Apart from treason, membership of this exclusive club has been handed down from father to son since the 14th Century. Membership of what is probably the second oldest club in Britain carries with it certain privileges. Besides a title, there is the right to be excused jury service, from serving as a witness, and – very usefully – freedom from arrest in civil cases. These are just some of the perks. A 24 hour members-only bar, a free parking place in central London and residence in one of the most sought after postcodes in Britain go with it as well. Since 1999, when the membership criteria were relaxed and it was possible for literally anyone to buy their way in, things seem to have gone downhill. And with a threatened Brexit rebellion this week, the future of a hereditary House of Lord’s is once again being threatened. Presently, all peers are appointed by political parties, apart from the 92 hereditary peers who survived the first phase of Lords reform, along with 24 Church of England Bishops and the Law Lords. Membership of the oldest club in Britain has never been something you could earn, or buy or indeed ever deserve for public service. That is because the word ‘membership’ is of Christian origins.
On a recent BA flight I read an article by Ben Hammersley about his new Tikker watch (see www.mytikker.com ) and now I want one for my birthday. The Tikker is no ordinary watch. It doesn’t just tell you the time – it tells you how long you have left to live. And that’s not necessarily a bad thing. Ben writes,
“Do you have any idea how long you have left, well, actually? In total? To live? I do. It’s counting down on my wrist as I type this. I have, according to my watch, 44 years, ten months, five days, six hours, ten minutes to go. Even less by the time you read this, of course, and the information is coming to me every time I glance at my wrist. I’m wearing a Tikker watch, calibrated against my date of birth, nationality and other pertinent things, and displaying a forever depleting time left to my, actuarially predicted, statistically average, time of death. The brainchild of Tikker founder Fredrik Colting — a Swedish former gravedigger…”
Fredrik obviously had plenty of time on his hands. One of the things I love to do on a flight is watch the map of the world going by and the timer ticking down to the arrival time. Wouldn’t it be amazing to have one for our life journey too? Fredrik hits the nail in the coffin,
Let me ask you 10 questions.[i] In the last 4 weeks,
- How often did you feel tired out for no good reason?
- How often did you feel nervous?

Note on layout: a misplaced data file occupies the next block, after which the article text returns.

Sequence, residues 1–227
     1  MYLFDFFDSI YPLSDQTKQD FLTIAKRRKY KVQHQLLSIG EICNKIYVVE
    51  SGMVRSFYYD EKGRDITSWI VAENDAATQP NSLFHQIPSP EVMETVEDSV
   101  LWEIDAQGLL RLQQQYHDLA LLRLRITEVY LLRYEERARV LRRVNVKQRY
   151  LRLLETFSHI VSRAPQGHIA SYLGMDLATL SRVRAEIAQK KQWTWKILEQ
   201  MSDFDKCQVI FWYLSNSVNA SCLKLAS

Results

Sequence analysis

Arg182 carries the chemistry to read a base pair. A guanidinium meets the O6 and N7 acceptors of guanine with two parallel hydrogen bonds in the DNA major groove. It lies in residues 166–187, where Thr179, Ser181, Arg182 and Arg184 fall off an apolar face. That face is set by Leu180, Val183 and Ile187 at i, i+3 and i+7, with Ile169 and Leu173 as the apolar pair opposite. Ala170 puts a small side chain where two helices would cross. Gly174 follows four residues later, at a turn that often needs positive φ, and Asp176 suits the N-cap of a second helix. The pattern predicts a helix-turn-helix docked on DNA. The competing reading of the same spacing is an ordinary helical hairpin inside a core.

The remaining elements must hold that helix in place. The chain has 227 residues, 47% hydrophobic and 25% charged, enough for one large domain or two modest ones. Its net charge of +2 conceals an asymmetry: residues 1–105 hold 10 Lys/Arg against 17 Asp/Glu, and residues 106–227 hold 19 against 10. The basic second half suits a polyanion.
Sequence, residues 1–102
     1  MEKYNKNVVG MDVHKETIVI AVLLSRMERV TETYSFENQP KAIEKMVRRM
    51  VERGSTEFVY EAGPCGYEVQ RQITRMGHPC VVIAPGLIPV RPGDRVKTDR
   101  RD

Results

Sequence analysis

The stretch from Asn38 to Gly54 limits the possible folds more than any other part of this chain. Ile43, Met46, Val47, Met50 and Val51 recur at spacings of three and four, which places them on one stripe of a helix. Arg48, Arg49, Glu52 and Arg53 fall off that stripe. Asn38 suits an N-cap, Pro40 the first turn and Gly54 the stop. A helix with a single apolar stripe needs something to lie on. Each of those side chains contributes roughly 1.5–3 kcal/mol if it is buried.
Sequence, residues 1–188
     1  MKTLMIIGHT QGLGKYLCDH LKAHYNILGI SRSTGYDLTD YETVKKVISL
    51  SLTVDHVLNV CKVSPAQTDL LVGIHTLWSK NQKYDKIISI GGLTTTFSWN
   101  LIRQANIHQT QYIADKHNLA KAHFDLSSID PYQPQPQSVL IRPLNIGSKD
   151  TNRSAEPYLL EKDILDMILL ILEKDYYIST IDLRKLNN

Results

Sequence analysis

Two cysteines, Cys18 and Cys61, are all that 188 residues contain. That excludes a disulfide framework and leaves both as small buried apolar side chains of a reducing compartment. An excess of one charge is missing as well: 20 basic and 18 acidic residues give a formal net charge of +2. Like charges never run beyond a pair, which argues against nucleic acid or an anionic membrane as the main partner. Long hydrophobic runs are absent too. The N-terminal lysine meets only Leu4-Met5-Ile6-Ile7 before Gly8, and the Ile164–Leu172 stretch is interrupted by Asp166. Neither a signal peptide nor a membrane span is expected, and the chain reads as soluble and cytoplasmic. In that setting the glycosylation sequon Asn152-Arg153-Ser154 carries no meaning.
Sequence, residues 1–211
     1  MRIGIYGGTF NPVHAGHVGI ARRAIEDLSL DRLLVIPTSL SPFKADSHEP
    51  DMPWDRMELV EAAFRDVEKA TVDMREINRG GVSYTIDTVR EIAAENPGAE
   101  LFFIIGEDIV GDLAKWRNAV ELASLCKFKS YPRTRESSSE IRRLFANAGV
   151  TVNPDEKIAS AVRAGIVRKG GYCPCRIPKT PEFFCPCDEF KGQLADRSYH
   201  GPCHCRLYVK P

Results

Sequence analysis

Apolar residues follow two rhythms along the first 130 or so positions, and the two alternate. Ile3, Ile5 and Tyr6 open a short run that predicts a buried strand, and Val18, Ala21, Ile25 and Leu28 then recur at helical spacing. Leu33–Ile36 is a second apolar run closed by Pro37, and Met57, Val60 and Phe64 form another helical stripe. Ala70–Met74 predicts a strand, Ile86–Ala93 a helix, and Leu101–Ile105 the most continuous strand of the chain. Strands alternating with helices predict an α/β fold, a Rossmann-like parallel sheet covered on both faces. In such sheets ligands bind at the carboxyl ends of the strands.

- How often did you feel so nervous that nothing could calm you down?
- How often did you feel hopeless?
- How often did you feel restless or fidgety?
- How often did you feel so restless you could not sit still?
- How often did you feel depressed?
- How often did you feel that everything was an effort?
- How often did you feel so sad that nothing could cheer you up?
- How often did you feel worthless?
What will bring on the feeling of nausea most quickly for you? Is it the debris left on pavements by people who have drunk excessive amounts of alcohol the night before? Or maybe it’s those little presents left for you to step in by anti-social dog walkers who don’t clean up afterwards? Displays of wobbling body tissue resulting from a diet rich in carbohydrates is high on my list. But what is most likely to cause you to faint? For me it is the sight of blood in the wrong place, especially my own. What is it about blood that makes us queasy, nauseous or likely to faint? Perhaps it is because deep down in our subconscious we equate blood with life. There are seven essential biological functions of blood that keep us alive.
- Red blood cells transport oxygen from the lungs to every cell in our body.
- White blood cells defend the body against invading microorganisms.
- Blood transports nutrients from the digestive system and when needed, from our storage reserves to every cell of the body. So fat is beautiful. Well some…
- Blood transports hormones from our endocrine glands to target tissues in need.
- Blood removes metabolic wastes from every cell to organs that excrete them.
- Blood helps maintain fluid balance in the whole body.
- Blood helps distribute metabolic heat within the body to maintain a healthy body temperature.